IN BLUE BOILER suit and red Converse, like some hipster Winston Smith, Matty Healy appeared more 1984 than 1975 as he took the Hydro stage. It had been a good day for his band, nominated for best group and album Brit awards. Here now was a chance to discover whether all the fuss around A Brief Inquiry Into Online Relationships is deserved.
For the first third things didn’t look – or, rather, sound – good. Drums too high, vocals low and mumbly, a dreadful mix meant that many of the subtle textures of their intricate art-pop were lost, but without any compensating intensity.
The staging, hailed as game-changing, was mostly meh. A re-creation of the effervescent video for ‘Sincerity Is Scary’felt flat; a screen showed New York brownstones, and Healy affected some dad-dancing on a travelator, but there was no attempt at the delightful choreography of the promo. The one true coup de théâtre – the frontman appearing to pass through a wall of static into the screen – was wasted on weak material, ‘The Ballad of Me and My Brain’, a song even worse than its title. Too often it was a show that would induce envy on Instagram while being there proved underwhelming. Happily, there were sufficient moments of deep pleasure to more than rescue the occasion.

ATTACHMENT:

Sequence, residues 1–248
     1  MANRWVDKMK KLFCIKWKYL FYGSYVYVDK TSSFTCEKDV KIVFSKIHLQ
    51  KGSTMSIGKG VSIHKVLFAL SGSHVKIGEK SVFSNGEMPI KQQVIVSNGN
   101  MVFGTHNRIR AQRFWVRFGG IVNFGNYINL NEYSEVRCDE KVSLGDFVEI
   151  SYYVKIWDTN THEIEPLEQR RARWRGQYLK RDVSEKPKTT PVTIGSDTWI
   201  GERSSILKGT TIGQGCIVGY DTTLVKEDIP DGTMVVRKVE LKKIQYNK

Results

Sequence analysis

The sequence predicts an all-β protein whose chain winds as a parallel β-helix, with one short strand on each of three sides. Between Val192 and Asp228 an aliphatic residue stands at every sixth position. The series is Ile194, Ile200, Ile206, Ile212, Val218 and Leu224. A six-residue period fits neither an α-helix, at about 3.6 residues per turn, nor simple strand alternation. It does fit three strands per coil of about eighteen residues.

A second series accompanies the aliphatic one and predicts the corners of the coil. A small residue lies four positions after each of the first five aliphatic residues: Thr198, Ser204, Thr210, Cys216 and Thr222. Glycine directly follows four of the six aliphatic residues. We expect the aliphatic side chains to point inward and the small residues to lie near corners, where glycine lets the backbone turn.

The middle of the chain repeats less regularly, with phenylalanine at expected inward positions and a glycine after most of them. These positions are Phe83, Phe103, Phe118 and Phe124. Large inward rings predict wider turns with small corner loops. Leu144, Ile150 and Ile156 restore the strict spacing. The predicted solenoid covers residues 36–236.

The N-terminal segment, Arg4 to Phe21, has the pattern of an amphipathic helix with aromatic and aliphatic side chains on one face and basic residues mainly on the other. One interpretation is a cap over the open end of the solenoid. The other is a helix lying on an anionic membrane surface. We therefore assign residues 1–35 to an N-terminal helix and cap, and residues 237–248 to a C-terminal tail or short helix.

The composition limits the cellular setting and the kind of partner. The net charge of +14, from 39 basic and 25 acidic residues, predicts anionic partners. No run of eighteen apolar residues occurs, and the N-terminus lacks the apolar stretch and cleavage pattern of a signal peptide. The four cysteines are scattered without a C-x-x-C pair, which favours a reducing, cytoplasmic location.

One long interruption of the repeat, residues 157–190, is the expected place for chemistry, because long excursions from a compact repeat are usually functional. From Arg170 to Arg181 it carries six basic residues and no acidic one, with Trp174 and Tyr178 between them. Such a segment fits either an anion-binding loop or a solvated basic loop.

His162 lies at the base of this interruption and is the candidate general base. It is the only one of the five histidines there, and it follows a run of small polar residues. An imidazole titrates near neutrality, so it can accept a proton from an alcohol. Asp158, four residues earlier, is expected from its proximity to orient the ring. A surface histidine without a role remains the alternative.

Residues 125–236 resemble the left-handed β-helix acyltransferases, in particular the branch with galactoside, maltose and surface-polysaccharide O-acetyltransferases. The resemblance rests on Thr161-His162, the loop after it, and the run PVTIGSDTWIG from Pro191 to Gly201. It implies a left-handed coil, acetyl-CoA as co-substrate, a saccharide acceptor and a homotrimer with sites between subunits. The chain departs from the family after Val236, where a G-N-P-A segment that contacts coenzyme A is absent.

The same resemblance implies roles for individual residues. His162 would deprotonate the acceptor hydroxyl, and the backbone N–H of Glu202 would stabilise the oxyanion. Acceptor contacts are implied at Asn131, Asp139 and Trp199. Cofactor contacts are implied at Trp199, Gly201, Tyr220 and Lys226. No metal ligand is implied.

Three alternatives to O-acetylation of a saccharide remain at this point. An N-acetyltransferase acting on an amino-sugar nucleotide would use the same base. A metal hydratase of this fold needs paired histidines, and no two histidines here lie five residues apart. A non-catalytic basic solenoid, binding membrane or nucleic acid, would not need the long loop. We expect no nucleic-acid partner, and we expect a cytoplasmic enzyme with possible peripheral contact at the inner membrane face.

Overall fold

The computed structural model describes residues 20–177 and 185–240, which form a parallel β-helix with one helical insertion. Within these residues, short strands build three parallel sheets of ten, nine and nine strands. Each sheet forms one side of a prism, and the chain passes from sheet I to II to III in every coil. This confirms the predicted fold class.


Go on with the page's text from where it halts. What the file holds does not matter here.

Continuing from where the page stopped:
‘A Change Of Heart’and ‘Paris’, ballads that could soundtrack a tender moment in a Molly Ringwald movie, were performed with a beautiful lightness of touch. For ‘I Like America & America Likes Me’, Healy’s voice was heavily Auto-Tuned, sharpening its glitchy desperation.
At their best, the 1975 combine the warmth and gloss of EDM-ish chart hits with the cold gleam of a previous generation’s synth artists. The Blue Nile’s ‘Downtown Lights’is a clear influence on ‘Love It If We Made It’, Healy’s one transcendentally good song, and it was gratifying to hear that Glasgow band’s spirit and sound honoured in their home town.
Performed as part of the encore, two tracks from the 1975’s debut showcased their range, from bright and catchy to widescreen angst: thus the evening, like all pleasant evenings, concluded with ‘Chocolate and Sex’.
© Peter Ross, The Times, 14 January 2019